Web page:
According to local lore, Portuguese travelers as far back as the late 19th century suspected that oil might lie beneath parts of East Africa after noticing a thick, greasy sediment wash up on the shores of Mozambique. More interested in finding cheap labor, though, the explorers had little use for oil.
A century later, it turns out that the Portuguese were right. Seismic tests over the past 50 years have shown that countries up the coast of East Africa have natural gas in abundance. Early data compiled by industry consultants also suggest the presence of massive offshore oil deposits. Those finds have spurred oil explorers to start dropping more wells in East Africa, a region they say is an oil and gas bonanza just waiting to be tapped, one of the last great frontiers in the hunt for hydrocarbons. "I and a lot of other people in oil companies working in East Africa have long been convinced that it's the last real high-potential area in the world that hasn't been fully explored," says Richard Schmitt, chief executive of Black Marlin Energy, a Dubai-based East Africa oil prospector. "It seems, for a variety of geopolitical reasons, that more than anything else, it's been neglected over the last several decades. Most of those barriers are currently being lowered or [have] disappeared altogether."
Few have wanted to pay the cost of searching for oil or gas in the region, or risk drilling wells in volatile countries such as Uganda, Mozambique or Somalia. But better technology, lower risk in some of the countries and higher oil prices in recent years have changed the equation. Wildcatters and majors such as Italy's Eni, Petronas of Malaysia and China National Offshore Oil Corporation (CNOOC) have all moved on East Africa in the past few years.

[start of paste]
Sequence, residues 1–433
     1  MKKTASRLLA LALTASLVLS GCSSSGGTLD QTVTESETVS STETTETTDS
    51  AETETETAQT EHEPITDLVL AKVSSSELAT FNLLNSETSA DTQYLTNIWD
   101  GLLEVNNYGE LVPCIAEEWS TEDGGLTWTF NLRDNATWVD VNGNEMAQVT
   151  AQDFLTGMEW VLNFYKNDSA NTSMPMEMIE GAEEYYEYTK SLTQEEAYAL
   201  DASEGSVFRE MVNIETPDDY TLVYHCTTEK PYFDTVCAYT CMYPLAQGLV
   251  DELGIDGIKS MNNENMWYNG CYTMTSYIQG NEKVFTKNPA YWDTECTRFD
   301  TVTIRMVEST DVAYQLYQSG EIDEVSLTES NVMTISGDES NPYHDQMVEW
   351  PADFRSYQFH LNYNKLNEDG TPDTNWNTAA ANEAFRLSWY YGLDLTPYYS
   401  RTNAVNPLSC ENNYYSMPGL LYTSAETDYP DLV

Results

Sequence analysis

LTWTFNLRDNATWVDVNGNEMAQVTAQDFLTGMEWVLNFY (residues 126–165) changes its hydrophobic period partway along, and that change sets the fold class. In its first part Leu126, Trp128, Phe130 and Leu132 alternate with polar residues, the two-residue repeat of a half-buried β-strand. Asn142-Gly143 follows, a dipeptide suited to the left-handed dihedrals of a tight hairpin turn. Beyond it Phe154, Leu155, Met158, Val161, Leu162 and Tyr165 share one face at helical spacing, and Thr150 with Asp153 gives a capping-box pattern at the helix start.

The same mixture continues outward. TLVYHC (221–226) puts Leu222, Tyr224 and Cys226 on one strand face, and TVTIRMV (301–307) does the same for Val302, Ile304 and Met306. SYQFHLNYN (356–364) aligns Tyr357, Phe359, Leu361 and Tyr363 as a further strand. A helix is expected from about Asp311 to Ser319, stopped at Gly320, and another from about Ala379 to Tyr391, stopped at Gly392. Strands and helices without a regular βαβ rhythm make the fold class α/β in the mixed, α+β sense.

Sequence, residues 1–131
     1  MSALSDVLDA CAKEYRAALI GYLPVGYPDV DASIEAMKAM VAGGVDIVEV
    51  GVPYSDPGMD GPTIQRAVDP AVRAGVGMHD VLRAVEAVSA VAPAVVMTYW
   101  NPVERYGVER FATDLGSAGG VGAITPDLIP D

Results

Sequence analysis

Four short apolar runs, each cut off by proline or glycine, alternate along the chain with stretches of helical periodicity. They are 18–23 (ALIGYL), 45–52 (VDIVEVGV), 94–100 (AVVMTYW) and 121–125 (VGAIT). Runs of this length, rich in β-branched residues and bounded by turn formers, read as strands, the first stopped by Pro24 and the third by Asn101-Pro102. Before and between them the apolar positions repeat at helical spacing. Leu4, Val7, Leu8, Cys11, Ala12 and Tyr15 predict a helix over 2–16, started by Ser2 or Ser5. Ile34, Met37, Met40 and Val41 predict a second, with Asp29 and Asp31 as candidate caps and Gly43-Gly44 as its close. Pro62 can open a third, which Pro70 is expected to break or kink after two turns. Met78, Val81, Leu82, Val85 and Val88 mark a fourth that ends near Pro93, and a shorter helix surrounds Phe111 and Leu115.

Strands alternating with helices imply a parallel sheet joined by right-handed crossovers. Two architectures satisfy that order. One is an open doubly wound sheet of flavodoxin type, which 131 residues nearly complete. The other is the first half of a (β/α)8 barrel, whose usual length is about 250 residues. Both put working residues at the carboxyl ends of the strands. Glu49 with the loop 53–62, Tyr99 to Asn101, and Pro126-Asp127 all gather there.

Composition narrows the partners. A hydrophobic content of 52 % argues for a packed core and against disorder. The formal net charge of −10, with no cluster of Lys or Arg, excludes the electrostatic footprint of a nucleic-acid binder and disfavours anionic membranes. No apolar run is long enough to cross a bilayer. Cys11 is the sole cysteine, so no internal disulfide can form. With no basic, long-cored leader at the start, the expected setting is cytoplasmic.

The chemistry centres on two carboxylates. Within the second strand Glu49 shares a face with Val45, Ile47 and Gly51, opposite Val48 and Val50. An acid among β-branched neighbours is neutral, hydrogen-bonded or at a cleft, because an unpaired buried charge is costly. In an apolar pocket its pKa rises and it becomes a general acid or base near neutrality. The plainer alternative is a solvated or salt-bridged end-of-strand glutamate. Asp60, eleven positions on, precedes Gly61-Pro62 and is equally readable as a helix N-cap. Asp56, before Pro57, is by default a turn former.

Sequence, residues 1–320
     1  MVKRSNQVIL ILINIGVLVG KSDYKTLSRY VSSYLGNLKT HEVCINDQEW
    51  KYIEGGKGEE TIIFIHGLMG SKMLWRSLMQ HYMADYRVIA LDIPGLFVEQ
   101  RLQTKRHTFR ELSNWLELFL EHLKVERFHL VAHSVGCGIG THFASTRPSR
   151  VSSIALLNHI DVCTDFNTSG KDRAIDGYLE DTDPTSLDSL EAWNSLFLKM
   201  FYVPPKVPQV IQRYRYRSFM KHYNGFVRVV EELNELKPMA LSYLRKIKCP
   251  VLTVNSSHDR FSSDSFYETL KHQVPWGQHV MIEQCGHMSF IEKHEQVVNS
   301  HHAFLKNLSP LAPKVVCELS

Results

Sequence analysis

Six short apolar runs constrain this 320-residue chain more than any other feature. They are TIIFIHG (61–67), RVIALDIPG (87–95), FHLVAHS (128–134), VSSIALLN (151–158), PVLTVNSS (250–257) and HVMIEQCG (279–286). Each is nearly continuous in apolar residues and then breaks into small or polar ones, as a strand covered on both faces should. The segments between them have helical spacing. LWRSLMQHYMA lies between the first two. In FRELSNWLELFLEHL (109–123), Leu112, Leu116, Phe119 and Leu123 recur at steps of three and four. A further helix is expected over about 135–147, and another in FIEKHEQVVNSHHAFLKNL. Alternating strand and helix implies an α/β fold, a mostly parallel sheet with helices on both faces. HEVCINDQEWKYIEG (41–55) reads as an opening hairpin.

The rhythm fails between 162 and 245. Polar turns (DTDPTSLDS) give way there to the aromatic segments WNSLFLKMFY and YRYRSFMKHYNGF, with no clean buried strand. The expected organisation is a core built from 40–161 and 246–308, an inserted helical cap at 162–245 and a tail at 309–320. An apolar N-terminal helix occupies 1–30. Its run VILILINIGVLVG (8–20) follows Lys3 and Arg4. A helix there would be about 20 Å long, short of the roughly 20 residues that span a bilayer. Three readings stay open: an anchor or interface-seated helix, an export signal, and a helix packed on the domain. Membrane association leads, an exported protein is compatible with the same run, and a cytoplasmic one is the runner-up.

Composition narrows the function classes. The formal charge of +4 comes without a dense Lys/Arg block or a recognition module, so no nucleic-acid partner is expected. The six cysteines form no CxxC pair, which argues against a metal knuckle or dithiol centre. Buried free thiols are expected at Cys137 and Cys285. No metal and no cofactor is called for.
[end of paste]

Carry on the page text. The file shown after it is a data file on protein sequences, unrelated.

They're hoping to mimic London-based Tullow Oil, which discovered some 2 billion bbl. of oil in landlocked Uganda over the past four years. Last month, Texas-based oil company Anadarko Petroleum Corp. announced that it had tapped a giant reservoir of natural gas off the coast of Mozambique. "Anadarko's find went off like a bomb here in Houston," says Robert Bertagne, a Texas-based oil wildcatter. "It was, 'Wow, we are finding large quantities of gas, and that means we have hydrocarbons in the area.' Once you have a discovery, more people are going to go in there."
Much of East Africa's hopes are focused on a fault line running from Somalia to Madagascar known as the Davie Fracture Zone. It's there that Bertagne's analysis using Cold Warera sea-floor mapping originally intended for use by Soviet submarines has prompted speculation about oil deposits rivaling those of the North Sea or Middle East. There's still a lot that's unknown: North Africa has seen 20,000 wells sunk over the past few decades, while drillers have sunk 14,000 wells in and off West Africa. In East Africa, the total is about 500 wells.
That's changing. Kenya issued six exploration licenses between 2000 and 2002 and two more to CNOOC in the next four years. In 2008 and 2009, it issued 18 new licenses. "Despite a long history of unsuccessful exploration, the oil companies are investing in Kenya," says Mwendia Nyaga, managing director of the National Oil Corporation of Kenya. "The question is not if any hydrocarbon deposits exist, but where they are."
It doesn't help that the region is so geologically complex with lots of fractures and offshore oil deposits likely deep underground. Or that many of the countries likely to have deposits have seen wars and unrest. Somalia remains a no-go zone, and Ethiopia's eastern Ogaden region is beset by a violent rebel insurgency. And while Mozambique's civil war may have ended in 1992, it has taken years for the country to fully recover.
Explorers salivate in particular at the prospect of peace in Somalia. Oil reserves in the blocks licensed to two small oil companies, Africa Oil and Range Resources, could contain as much as 10 billion bbl. Nobody is talking about producing oil in Somalia anytime soon, but analysts say oil companies are less likely to be intimidated by political risk than they were in the past. They point to oil production in south Sudan, where a 20-year civil war that ended in 2005 threatens to reignite. "Definitely, there is a sense that there are discoveries to be had," says Aly-Khan Satchu, a financial adviser who runs Rich Management in Nairobi. "The reality and the perception of risk are narrowing."